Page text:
Planners look to distance themselves from kennel regulation

Published 12:00 am Tuesday, November 13, 2007

COURTLAND—A proposed new ordinance that would make most dog kennels a matter of administrative review sailed through the Planning Commission Thursday.

Planners voted 8-0, with Commissioner Keith Tennessee absent, to recommend the change to Southampton’s zoning laws after a brief public hearing in which two residents complained about the effects of existing county kennels.

Raymond Drake, a Newsoms resident for more than four decades, said that for the past 25 years, he and his wife have had to put up with the noise of a nearby kennel, with dogs that bark &uot;sometimes 24 hours a day.&uot;

He said a proposed requirement for a 75-foot separation between a private kennel and neighboring residences &uot;is a joke&uot; and pleaded with the commission for stricter control over dog kennels.

&uot;People will be very unhappy&uot; with the environment that results from allowing kennels under the guidelines proposed in the new ordinance, he predicted.

&uot;Anybody who’s ever lived next door to a coon dog, I sympathize with them,&uot; he added.

The proposed plan would add &uot;private kennel&uot; and &uot;hunt club kennel&uot; classifications to the county’s zoning ordinance and would allow people with six to 25 dogs to get kennel permits for such operations without subjecting them to the current, lengthy public hearing process.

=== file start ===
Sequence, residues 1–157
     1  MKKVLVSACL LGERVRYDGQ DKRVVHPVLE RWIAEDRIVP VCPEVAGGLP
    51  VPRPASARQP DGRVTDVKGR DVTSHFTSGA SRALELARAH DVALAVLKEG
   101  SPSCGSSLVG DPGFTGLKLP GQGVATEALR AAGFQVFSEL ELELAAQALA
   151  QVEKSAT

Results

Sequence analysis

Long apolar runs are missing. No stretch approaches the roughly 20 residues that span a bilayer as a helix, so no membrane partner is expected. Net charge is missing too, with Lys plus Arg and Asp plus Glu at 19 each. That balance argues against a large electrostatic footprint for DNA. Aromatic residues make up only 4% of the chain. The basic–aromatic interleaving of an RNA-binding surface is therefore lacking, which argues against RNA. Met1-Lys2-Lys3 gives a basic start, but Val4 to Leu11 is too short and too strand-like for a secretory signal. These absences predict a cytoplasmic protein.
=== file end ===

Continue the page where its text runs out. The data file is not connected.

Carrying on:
Among those requirements would be an application fee of $100, submitted along with a site plan that includes plans for screening, showing the property to be a minimum of two acres and confirming the kennel to be set back at least 25 feet from all property lines, 50 feet from all water sources and 75 feet from all residences.

A plan for caring for the animals and disposing of their waste also would be required, and the sale of more than five dogs per year would be prohibited. The county’s animal control officer and health department would be involved, and the zoning staff would inspect the property each year.

Once an applicant met the new requirements, his neighbors would be notified and allowed a 30-day comment period. Administrators would be able to approve applications that did not receive objections.

Applications with objections or requests for private kennel permits for kennels housing more than 25 dogs would be sent to the Board of Zoning Appeals and would be subject to a $300 application fee.

A hunt club kennel would be allowed as an accessory use of the club, with a maximum of 50 dogs kept on a minimum of one acre and a required setback of at least 150 feet from adjacent residences. Other requirements would be the same as those of a private kennel.

Neither type of kennel could raise pit bull terriers, Rottweilers, German shepherds, Alaskan malamutes, huskies, Doberman pinschers, chow chows, great Danes or Saint Bernards.

The proposed ordinance defines a commercial kennel as one that boards, breeds, cares for or otherwise handles dogs for sale or in return for compensation.

A commercial kennel license still would require a conditional use permit, as under the current law, meaning an appearance by the owner before both the Planning Commission and the Board of Supervisors.